Bone density recovery after depot medroxyprogesterone acetate injectable contraception use

Contraception. 2008 Feb;77(2):67-76. doi: 10.1016/j.contraception.2007.10.005.

Abstract

Background: While depot medroxyprogesterone acetate (DMPA) is a highly effective contraceptive used by millions of women, its use is associated with bone mineral density (BMD) loss, raising concerns about long-term risk of osteoporosis and/or fractures.

Study design: We conducted a systematic review of studies published in PubMed from 1996 to 2006, evaluating changes in BMD after discontinuation of DMPA. Ten primary clinical or observational studies were identified addressing this issue.

Results: BMD consistently returned toward or to baseline values following DMPA discontinuation in women of all ages. This recovery in BMD was seen as early as 24 weeks after stopping therapy and persisted for as long as women were followed up; BMD in past DMPA users was similar to that in nonusers.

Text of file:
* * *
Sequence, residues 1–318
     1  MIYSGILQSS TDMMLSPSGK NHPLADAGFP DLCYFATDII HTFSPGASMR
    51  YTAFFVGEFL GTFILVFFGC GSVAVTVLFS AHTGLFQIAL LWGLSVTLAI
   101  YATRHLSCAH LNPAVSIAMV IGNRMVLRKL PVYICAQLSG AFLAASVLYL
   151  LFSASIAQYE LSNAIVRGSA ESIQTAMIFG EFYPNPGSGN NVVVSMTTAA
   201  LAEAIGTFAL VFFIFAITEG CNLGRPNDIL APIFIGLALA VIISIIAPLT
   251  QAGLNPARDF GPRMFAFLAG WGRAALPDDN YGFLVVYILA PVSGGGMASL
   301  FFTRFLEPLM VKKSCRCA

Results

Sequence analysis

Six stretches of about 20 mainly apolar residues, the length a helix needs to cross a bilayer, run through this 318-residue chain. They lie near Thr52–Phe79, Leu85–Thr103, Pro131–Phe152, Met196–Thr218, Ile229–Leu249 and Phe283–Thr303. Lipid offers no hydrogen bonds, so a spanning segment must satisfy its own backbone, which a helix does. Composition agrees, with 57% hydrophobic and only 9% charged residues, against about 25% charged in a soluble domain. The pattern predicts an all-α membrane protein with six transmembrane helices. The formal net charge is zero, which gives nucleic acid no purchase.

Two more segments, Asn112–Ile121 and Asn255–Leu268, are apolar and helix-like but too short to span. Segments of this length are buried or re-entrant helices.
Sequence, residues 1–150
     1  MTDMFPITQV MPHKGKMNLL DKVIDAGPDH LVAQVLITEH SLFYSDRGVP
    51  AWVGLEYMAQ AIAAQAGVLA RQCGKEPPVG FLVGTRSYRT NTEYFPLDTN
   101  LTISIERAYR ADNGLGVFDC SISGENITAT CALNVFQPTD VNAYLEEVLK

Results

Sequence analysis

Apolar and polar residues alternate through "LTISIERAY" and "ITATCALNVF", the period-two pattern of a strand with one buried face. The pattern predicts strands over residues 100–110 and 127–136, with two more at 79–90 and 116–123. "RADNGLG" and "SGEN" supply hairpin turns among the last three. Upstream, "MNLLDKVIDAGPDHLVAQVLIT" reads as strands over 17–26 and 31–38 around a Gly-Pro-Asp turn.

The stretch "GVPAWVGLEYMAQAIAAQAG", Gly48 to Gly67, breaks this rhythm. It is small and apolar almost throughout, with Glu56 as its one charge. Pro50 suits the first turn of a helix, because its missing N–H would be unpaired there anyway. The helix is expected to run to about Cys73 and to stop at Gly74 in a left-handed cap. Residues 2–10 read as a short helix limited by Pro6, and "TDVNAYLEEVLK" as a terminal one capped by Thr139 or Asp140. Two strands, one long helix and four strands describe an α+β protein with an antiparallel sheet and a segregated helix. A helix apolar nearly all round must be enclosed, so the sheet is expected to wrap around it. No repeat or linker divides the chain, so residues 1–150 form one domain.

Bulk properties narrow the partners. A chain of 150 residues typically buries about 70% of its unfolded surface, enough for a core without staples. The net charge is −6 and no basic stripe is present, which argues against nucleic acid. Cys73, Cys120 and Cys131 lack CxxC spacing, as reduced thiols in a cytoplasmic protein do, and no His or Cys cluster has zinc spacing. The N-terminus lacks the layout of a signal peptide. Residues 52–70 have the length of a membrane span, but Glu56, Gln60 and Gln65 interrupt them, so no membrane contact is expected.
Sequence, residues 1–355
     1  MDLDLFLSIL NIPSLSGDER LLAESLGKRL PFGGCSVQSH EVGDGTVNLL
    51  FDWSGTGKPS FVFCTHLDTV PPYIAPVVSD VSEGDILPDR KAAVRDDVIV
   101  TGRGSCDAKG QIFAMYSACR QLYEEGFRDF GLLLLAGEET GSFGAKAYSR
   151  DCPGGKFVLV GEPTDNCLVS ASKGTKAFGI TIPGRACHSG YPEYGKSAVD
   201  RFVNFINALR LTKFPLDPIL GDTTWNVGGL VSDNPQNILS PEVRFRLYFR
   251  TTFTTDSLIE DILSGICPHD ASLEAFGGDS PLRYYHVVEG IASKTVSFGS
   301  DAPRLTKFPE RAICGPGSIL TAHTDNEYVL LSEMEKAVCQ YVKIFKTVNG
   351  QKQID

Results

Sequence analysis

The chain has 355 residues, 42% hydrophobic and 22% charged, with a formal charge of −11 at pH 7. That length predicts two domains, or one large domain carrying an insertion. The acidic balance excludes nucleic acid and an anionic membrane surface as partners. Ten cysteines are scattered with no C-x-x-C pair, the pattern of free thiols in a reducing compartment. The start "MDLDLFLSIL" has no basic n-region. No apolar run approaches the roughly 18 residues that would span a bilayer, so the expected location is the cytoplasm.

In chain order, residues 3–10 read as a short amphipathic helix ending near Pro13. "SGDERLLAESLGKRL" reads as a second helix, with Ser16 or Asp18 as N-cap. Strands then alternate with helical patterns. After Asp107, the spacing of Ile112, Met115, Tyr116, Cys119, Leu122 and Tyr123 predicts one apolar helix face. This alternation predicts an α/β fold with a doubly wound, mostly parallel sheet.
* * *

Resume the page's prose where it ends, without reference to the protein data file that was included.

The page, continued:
Conclusions: Bone loss occurring with DMPA use is reversible and is not likely to be an important risk factor for low bone density and fractures in older women, although data on fracture risk in DMPA users are lacking.

Publication types

  • Meta-Analysis
  • Research Support, Non-U.S. Gov't
  • Review
  • Systematic Review

MeSH terms

  • Bone Density / drug effects*
  • Bone Resorption / epidemiology
  • Contraceptive Agents, Female / administration & dosage
  • Contraceptive Agents, Female / adverse effects*
  • Female
  • Fractures, Bone / epidemiology
  • Humans
  • Medroxyprogesterone Acetate / administration & dosage
  • Medroxyprogesterone Acetate / adverse effects*
  • Postmenopause*
  • Risk Factors
  • Time Factors

Substances

  • Contraceptive Agents, Female
  • Medroxyprogesterone Acetate